Friday, September 7, 2012

So long, Art

In our house we have two huge sports fans: my son and myself, one casual sports fan, my daughter, and my musician husband who roots for the halftime show. Those of us who follow sports in this house pretty much live and die with the Indians and the Browns (though as fans of curses we have a warm place in our hearts for the Red Sox). Following the Indians (and to a lesser extent the Browns) through the 70's and 80's was a lesson in living with frustration. My son, on the hand, did not have his formative year blighted by baseball frustration as he arrived 2 months before the Indians made the first World Series in 41 years. (Yes there is a picture of him, in his little Indians uniform watching game 1 with his great grandma)
On the other hand, his football fandom has been tarnished by what happened a few days after that World Series ended, when Art Modell announced that he was moving the Browns to Baltimore.
Although football has always been secondary to baseball for me, I still was a Browns fan, partly due to many years spent watching the team's games with my father, who remembered the true glory days of the Browns in the 50'S and 60'S and would talk endlessly of Paul Brown, Otto Graham. Marion Motley, Lou Groza, and Jim Brown. I know that had he been alive still in 1995 he would have gloried in the Indians and been heartbroken over the betrayal of Browns fans by Art Modell.
This was a team that was loved and supported by its fans and it was financial mismanagement that got them into the hole they were in, not poor attendence. They left, not for the new stadium they could have in Cleveland eventually anyway, but for the huge cash payouts made directly to Modell for moving the team. The NFL went along, with only the owners of the Steelers and the Bengals opposing the move. Fans were left with a few crumbs of comfort: there would be a new stadium, and a new team, and that team would be called the Browns. Art could take the players, but they wouldnt be wearing orange and brown. But when the franchise became available it somehow wound up in the hands of the man who brokered the deal with Baltimore, and although the new stadium is beautiful most of the teams have been dreadful.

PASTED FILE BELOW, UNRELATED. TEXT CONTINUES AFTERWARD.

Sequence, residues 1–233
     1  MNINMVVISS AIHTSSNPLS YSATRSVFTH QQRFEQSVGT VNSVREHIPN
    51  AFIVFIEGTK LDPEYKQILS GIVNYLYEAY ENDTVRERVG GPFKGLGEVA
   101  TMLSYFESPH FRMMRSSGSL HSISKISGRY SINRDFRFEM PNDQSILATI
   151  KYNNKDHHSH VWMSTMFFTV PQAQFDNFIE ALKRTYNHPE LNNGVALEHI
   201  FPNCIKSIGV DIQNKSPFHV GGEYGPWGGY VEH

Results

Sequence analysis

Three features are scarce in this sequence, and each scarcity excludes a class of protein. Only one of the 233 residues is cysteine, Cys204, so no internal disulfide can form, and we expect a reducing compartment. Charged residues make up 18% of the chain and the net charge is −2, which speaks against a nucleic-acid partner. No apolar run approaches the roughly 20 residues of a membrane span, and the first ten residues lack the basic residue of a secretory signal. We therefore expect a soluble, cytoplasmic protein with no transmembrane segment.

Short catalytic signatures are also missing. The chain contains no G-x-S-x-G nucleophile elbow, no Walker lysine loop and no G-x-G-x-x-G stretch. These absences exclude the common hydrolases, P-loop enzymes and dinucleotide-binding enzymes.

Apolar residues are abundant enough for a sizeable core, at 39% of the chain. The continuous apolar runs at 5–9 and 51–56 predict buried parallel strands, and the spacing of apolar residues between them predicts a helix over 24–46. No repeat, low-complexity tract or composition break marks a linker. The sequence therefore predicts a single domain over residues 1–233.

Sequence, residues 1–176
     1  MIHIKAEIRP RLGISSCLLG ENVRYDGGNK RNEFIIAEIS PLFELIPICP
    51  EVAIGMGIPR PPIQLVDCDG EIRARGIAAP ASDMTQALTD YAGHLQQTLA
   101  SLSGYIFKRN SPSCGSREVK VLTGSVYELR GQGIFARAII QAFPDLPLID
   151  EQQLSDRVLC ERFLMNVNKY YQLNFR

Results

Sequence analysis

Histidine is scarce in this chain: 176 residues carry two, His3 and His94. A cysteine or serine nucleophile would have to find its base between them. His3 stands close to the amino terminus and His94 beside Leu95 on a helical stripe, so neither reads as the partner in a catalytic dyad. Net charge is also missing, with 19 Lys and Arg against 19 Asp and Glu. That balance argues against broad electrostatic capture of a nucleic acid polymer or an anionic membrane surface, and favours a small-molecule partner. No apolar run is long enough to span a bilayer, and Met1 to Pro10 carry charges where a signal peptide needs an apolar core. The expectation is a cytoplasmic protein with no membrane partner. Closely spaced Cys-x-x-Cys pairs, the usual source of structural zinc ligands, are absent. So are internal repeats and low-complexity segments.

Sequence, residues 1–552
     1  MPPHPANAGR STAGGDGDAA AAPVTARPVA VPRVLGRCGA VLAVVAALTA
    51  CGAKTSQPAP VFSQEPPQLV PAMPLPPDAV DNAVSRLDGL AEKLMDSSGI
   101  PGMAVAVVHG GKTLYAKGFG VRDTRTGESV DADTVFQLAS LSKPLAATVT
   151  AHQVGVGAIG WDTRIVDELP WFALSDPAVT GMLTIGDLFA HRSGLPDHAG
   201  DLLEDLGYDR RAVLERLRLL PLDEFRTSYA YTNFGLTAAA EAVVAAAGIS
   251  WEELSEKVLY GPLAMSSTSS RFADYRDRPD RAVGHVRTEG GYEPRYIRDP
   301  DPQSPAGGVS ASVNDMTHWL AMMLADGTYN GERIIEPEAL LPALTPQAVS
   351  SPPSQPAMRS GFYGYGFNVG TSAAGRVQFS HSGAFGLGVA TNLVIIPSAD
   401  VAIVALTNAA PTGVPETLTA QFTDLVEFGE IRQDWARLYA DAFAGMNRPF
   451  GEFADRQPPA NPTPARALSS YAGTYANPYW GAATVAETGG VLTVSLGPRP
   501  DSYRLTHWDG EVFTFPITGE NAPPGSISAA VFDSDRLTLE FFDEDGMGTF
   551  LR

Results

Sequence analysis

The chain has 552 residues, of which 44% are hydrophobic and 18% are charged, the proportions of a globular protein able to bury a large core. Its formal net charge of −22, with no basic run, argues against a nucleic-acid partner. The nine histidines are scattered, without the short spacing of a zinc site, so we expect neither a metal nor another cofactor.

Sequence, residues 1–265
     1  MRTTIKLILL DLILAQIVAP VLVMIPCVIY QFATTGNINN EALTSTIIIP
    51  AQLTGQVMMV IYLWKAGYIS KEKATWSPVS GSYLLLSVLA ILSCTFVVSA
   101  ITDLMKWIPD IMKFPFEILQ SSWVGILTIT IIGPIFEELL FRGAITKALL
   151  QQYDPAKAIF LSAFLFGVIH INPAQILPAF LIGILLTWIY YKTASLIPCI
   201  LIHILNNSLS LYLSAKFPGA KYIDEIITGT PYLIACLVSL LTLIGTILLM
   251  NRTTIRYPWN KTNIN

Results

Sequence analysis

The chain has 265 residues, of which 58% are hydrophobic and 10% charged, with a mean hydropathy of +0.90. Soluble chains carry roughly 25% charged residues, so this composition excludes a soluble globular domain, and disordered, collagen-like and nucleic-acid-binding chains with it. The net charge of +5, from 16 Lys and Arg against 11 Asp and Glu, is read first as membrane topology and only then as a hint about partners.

To a person who doesn't follow sports this may all seem unimportant. But sports teams do matter. To people in other parts of the country it is often the single most important instance of a city's visibility. If the sports team goes so does part of that community's identity. Just ask Brooklyn.
So all this ran through my head yesterday when I heard Art Modell had died.
The news media in Cleveland has tried to be fairly balanced, writing about what a great guy he was personally, how much he did to bring football into the television era, all the charity work he did and so forth. To me it just makes the whole thing worse. When someone who is supposedly so wonderful and involved in the community does something that so thoroughly betrays rhe interests and needs of that community, what is one to think? I think it is actually worse than when someone is a clear outsider to the community with no interest except the profit margin. When someone who has lived in a place and spent a lifetime with a corporation moves it out of town, or shuts it down completely doesn't that sting more than when Bain Capital types do the same thing?
Sadly, at least in this part of the country, that will be the mixed legacy of Art Modell.
On the other hand, Lebron James will never have to worry about being Clevelands most hated sports figure.


  1. Well, with any luck, when old Art gets to the pearly gates, maybe the Big Guy will say "sorry, I negotiated a contract to send you elsewhere. You might want to take off that team jacket - you wont be needing it. ;)

  2. Either that or the pearly gates opens onto a celestial Dawg Pound full of deceased Browns fans whos idea of heaven is to revile Art for all eternity.